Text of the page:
How Do I Neutralize Sulfuric Acid?

Ray Hawk

There are several different approaches available to neutralize sulfuric acid — H2SO4 — depending on how precisely the process needs to be controlled and how the end product is to be handled. Concentrated sulfuric acid, like any type of acid, can be most easily neutralized by combining it with a material that has a basic nature on the pH scale with calcium carbonate, CaCO3, and calcium hydroxide, CaOH2, being two of the compounds most frequently used. Another common and effective way to neutralize sulfuric acid is to slowly mix it into equal or greater amounts of water, as pure water falls exactly in the middle of the pH scale with a rating of 7.

Neutralizeion is the process of taking an acid or a base compound to a neutral pH level around 7.
Neutralizeion is the process of taking an acid or a base compound to a neutral pH level around 7.

All neutralization refers to the process of taking either an acid or a base compound to a neutral or mid-range level on the pH scale, with an exact neutral reading being 7. When an acid with a lower-than-7 pH is being raised to a neutral level, this is often referred to as acid-neutralizing capacity, or ANC. When a base solution is being lowered from a higher-than-7 pH to a neutral level, this is referred to as lowering its alkalinity, or positive ANC.

Sulfuric acid can be neutralized by combining it with a base like calcium carbonate.
Sulfuric acid can be neutralized by combining it with a base like calcium carbonate.

Since the hazards of sulfuric acid include causing severe skin or mucous membrane burns and rapid chemical reactions with metals on contact, it is important that even diluted sulfuric acid be handled carefully. Sulfuric acid solution is usually sold in a concentration of 98%. To neutralize sulfuric acid with water so that it can be safely disposed of, the recommendation is that the acid slowly be added to a volume of cold water that is ten times greater than the volume of acid. The acid then can be taken beyond a neutral pH of 7 by adding compounds such as sodium carbonate or sodium hydroxide that can raise its base level up to a pH of 9 if necessary.

Diluted sulfuric acid with a concentration of 50% or lower can be more easily handled. One of the recommended methods to neutralize sulfuric acid concentrations that are weak involves adding small amounts of sodium bicarbonate, more commonly known as baking soda, to the liquid and observing the results. The acid will foam as it reacts with sodium bicarbonate and, when this foaming process is no longer observed, the solution has reached a safe neutral-to-base pH level of between 6 to 9.

Though many compounds can be used to neutralize sulfuric acid, several common ones are often used. Some of these are more suitable to laboratory settings as they are dangerous on their own, such as caustic soda, NaOH. Ammonia compounds are also a common neutralizer with a basic nature, such as ammonium hydroxide, NH4OH. Chemicals that are abundant and easy to come by include calcium carbonate that is more often referred to as lime or limestone, and calcium hydroxide.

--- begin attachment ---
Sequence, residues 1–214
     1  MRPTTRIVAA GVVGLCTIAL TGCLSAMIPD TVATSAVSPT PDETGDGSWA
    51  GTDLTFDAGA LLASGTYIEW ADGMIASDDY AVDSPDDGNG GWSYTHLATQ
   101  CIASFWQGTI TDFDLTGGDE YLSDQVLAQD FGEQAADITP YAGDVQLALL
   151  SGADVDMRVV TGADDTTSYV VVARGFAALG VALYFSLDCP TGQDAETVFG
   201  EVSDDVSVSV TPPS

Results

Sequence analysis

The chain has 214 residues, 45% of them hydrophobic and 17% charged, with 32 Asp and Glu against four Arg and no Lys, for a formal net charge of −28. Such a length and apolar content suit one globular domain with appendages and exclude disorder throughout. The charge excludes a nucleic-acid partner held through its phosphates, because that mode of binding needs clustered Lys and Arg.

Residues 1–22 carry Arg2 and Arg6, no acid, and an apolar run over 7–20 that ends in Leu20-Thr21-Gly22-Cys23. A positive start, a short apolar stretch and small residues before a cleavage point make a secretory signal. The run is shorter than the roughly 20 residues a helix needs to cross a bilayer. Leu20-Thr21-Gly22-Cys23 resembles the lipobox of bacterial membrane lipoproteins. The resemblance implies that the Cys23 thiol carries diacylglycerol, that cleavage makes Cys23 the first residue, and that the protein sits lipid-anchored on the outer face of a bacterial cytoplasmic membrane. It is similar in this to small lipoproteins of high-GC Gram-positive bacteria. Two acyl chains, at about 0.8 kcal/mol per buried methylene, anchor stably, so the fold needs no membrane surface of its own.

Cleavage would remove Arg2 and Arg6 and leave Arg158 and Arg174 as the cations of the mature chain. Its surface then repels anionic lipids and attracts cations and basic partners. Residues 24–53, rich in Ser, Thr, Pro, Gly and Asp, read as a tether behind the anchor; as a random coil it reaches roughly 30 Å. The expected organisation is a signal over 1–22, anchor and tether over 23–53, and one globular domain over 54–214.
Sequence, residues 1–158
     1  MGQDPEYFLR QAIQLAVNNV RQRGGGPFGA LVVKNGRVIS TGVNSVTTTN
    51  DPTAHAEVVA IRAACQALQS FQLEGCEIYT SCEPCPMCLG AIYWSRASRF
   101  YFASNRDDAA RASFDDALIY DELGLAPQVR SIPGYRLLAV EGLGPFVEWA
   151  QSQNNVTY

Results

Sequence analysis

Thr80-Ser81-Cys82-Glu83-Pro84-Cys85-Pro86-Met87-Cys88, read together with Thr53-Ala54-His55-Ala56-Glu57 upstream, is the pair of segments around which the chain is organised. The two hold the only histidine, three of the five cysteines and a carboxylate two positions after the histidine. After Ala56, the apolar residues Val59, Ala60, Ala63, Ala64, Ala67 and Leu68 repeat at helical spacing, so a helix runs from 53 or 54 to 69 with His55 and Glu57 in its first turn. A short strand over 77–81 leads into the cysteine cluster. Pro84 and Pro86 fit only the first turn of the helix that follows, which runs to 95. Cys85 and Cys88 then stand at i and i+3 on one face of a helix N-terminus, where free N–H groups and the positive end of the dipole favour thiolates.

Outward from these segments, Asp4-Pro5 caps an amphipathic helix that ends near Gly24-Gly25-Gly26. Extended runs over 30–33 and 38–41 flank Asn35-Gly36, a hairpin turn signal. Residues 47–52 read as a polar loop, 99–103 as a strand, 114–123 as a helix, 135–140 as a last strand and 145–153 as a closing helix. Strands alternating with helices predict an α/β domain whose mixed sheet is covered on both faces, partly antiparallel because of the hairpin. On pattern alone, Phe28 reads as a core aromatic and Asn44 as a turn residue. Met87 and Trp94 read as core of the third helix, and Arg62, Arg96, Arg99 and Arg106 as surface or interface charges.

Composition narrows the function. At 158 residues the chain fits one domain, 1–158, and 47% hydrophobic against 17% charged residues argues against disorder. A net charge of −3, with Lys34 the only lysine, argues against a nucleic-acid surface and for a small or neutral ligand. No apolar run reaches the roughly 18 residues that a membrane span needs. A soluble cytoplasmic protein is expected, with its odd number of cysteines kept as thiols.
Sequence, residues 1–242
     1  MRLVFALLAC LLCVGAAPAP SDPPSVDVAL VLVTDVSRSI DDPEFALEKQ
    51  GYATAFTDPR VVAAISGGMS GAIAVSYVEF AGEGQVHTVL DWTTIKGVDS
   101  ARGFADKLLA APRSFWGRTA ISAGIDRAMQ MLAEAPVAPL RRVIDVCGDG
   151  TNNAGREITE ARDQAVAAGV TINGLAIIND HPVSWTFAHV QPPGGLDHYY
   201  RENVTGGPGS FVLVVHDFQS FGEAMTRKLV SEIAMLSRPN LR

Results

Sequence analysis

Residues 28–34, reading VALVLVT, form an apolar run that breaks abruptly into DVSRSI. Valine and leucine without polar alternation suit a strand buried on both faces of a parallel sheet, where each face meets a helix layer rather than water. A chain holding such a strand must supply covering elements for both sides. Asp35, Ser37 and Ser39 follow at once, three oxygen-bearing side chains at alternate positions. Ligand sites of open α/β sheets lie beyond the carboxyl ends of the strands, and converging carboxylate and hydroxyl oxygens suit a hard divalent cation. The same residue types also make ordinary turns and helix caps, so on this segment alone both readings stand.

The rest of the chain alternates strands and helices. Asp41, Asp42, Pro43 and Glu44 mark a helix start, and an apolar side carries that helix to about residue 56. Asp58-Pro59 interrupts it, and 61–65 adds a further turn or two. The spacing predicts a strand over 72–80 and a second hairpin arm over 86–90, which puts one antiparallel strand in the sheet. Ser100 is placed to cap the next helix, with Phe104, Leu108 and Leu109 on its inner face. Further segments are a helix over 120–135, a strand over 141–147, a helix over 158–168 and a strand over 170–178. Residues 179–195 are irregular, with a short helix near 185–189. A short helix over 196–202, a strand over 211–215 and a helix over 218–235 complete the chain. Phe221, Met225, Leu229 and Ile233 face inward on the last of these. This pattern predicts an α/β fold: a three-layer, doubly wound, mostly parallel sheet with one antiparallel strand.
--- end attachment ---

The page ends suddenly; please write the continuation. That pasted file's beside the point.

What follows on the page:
A sulfuric acid burn should be irrigated profusely with water.
A sulfuric acid burn should be irrigated profusely with water.

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Discussion Comments


@ anon344349: If you put sodium bicarbonate, or any other highly alkaline directly on the acid, it will create a reaction that will burn the person even worse. It needs to be flushed with a lot of water ASAP, then baking soda can be used to help get in and finish neutralizing the acid. It's usually better to mix the baking soda with water so it will not have a strong reaction in case there is undiluted acid.


I'm working in a plant where we use 92-93 percent concentration of H2SO4 and 10 sec. is too late to avoid permanent damage to skin so ''immediate medical attention'' is nothing else than words. Plus rinsing it with water can burn cause the exothermic reaction acid-water, but for few acid and a lot of water that could be OK. One product we know to be good is ‘’Diphoterine.’’


It is always recommended you use water first, and then baking soda.

As to acid attacks, many "dangerous areas" as you call them are taking steps to remove highly acidic substances (like noted here, 98 percent concentration and higher, the stuff that does really bad damage in those rare, but horrific events) from the mainstream markets. IDs are now required to purchase those acids and forms relaying the intention of the purchase are also mandatory. Courts are giving harsher sentences to acid-throwers, which will discourage those attacks. Furthermore, as education takes off in those alleged dangerous areas, attacks like this are alleviated as people learn the whole extent of what they are doing and learn to solve problems verbally.

But, if you are worried, carry a bottle of water and a bit of baking soda with you in your bag or backpack if you are traveling. I think that's a perfectly wise decision if you are worried. Most attacks result from jilted lovers or abusive husbands, wives, or just other sick and twisted individuals. Activism is on the rise to stamp this out, though, and we're seeing great progress.


If someone is the victim of an acid-throwing attack, can sodium carbonate or bicarbonate be used to help neutralize the acid safely?

Obviously, immediate medical attention is required, and several buckets worth of water should be used to wash the stuff off. But that might not be immediately available.

If traveling to dangerous places, can carrying a box of baking soda or washing soda be recommended?

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